Day 1 was off to a running start. It went a lot faster than I thought it would, once I started.
The basic design is 2 pieces of 2x4 compressed board, with a 1"x2" pine frame around it, to protect the 3/4" sheet of polystyrene. Materials and estimated prices follow:
(2) Sheets of Compressed board, $6.50 ea
(1) Sheet of Polystyrene, $10.50
(3) 8' lengths of 1x2 pine, $3 ea
I actually have enough Polystyrene (foam from here on) to do two more boards, since I'm not using a full 4'x8' length. So another $22 and I can have two more modules. I also bought
20 #6 1 1/4" screws for the pine trim, only to discover I had #8s in the same length.
I began by drawing the design on the two boards just to get a scaled idea of the layout. It turns out that the 24"x48" boards are actually 24 1/4" x 49". As much as it bugs me that it'll be off by 1/4" on one side, ripping a 4' length of board, for only a bit more than a blade's width and without a table saw, would bug me even more. Connecting roads won't be off that much. The extra inch on the long side was easily remedied. I then began framing out the board. This would give it more strength and keep the foam from getting banged up.
When I first pictured this board, I had grand visions of perfectly mitered corners and superb craftsmanship (with pine and MDF). Then, I woke up, realized that I did not have the proper tools for miters (I freehanded one with the circular saw), and decided that there was nothing wrong with a simple butt joint.
Someday, I'll make the $5000 table with dovetailed storage drawers, but for now, I'll stick with my strengths. I was able to make it so that the end-grains point toward the deployment edges, so they won't be visible from the side. Small victories... I'm also glad that I made this decision after making only one mitered corner. I was able to correct it, without too much hassle. Anways, I glued the trim, then strengthened the attachment with screws. This board is heavy and durable. After lifting these with only the frame attached, I would definitely recommend 2x2 boards if you are planning on transporting them.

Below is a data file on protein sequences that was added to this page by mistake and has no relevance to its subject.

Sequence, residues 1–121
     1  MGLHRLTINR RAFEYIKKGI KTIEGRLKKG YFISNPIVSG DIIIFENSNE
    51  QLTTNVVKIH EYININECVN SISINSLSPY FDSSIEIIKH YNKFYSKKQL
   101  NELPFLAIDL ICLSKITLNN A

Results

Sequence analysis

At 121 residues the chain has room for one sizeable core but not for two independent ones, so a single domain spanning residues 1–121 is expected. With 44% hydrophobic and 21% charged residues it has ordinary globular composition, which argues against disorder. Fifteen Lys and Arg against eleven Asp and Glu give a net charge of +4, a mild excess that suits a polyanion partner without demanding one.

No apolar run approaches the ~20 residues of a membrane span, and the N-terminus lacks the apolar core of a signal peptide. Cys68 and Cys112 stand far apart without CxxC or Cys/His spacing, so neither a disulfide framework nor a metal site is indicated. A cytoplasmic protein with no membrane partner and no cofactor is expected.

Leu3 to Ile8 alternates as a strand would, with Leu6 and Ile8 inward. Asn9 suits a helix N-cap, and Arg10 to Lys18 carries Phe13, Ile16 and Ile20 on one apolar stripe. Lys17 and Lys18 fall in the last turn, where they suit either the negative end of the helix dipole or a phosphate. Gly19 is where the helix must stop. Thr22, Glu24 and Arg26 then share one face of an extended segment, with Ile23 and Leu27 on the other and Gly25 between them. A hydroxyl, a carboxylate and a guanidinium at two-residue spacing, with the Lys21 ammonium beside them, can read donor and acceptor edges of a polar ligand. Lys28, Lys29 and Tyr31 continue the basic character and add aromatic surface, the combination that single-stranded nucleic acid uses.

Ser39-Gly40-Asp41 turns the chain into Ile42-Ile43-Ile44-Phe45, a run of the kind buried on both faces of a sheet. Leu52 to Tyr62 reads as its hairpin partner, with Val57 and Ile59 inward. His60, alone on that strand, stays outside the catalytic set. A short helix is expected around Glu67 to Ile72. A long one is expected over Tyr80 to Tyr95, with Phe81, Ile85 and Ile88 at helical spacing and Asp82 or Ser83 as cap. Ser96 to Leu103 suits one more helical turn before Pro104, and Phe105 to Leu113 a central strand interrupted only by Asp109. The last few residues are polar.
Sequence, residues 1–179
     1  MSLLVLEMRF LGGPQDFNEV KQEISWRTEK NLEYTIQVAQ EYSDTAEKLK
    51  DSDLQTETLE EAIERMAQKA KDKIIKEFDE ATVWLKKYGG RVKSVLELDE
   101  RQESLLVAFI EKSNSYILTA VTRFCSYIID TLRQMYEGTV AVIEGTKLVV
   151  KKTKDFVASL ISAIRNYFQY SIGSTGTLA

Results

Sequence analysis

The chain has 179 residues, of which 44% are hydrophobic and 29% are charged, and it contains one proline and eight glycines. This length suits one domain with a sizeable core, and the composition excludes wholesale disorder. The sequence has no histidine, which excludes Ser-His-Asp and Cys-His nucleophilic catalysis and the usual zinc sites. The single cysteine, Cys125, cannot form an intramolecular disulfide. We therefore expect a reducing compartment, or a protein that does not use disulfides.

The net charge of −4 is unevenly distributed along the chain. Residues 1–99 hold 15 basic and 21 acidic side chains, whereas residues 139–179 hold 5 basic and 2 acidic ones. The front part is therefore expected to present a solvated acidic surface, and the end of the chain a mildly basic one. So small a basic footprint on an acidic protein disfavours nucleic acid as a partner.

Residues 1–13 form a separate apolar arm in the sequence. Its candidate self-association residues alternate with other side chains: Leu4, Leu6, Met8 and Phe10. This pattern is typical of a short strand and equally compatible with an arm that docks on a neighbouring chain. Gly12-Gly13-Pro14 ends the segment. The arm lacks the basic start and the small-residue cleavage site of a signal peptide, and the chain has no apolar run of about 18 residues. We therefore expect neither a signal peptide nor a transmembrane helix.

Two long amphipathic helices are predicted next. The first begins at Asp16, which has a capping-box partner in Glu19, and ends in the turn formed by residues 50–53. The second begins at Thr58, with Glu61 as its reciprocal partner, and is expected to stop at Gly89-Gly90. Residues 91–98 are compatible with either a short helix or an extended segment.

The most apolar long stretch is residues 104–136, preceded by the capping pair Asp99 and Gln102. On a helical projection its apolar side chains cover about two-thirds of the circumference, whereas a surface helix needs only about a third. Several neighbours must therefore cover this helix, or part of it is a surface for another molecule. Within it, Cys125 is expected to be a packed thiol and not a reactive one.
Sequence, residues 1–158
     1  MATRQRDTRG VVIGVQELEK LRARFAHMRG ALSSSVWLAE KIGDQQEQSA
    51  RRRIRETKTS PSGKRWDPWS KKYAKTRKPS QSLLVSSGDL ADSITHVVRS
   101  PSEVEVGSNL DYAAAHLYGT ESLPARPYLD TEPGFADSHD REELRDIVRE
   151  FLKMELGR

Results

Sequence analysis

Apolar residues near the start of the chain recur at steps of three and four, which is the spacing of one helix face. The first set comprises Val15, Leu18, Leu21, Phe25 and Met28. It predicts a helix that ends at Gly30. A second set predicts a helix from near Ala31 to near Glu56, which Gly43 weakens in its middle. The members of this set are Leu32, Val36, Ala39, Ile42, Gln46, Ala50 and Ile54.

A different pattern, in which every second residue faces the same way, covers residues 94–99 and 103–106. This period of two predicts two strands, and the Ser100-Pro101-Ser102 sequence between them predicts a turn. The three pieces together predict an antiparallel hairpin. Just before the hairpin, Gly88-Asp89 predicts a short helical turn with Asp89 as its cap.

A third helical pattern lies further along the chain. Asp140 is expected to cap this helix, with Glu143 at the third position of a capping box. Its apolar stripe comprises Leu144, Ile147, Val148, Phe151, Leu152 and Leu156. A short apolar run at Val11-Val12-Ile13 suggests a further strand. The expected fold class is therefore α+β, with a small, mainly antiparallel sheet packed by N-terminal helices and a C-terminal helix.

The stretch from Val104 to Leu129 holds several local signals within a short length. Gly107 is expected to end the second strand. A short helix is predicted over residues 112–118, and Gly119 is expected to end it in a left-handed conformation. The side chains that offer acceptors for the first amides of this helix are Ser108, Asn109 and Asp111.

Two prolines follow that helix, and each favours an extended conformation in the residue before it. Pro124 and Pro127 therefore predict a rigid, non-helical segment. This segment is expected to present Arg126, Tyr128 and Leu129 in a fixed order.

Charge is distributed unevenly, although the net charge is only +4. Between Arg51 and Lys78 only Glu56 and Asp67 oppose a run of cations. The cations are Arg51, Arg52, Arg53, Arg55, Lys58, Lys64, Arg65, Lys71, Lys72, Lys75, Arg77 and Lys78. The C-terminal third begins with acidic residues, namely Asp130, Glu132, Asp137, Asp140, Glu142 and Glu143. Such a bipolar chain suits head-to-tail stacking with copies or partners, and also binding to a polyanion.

I framed one corner of the board, then cut the foam before framing the other two. This helps to ensure that I have a tight fit for the foam. I framed 1 corner, put a spacer in (of the same width as the trim), and flipped it over on top of the foam to cut it. This worked really well and gave me a straight edge to cut. This foam dulls blades fast, but since the edges will be hidden, I didn't care if they were jagged or at a slight angle. Once the foam was cut, I framed out the other two edges, test fit the foam, then applied glue and pressed it in. At first, I thought gravity and the tight fit would keep the foam in place to dry, but by the time I had finished the second board, the first had popped up in the middle and needed to be reglued. I have an abundance of books, so I took the boards into my office and will now let them dry overnight. I also threw together two 10"x14" pieces of scrap foam for the built in hill.
The hill will be my next step. Also, the foam is slightly smaller than the trim, so I will apply plaster around the edges to smooth it out. This will all be hidden under the felt, and the edges will ensure that the boards are the same heights where they meet up. But this step will prevent models around the edges from being off-balance. So, tomorrow (hopefully) I will work on the hill, smooth out rough edges, and maybe even start on the felt. I am going to do the cliff section after the felt, the hill before. Then, I need to assess my paint supply. I've collected cans of paint over the past few months from the mistake rack and I'm pretty sure I have what I need.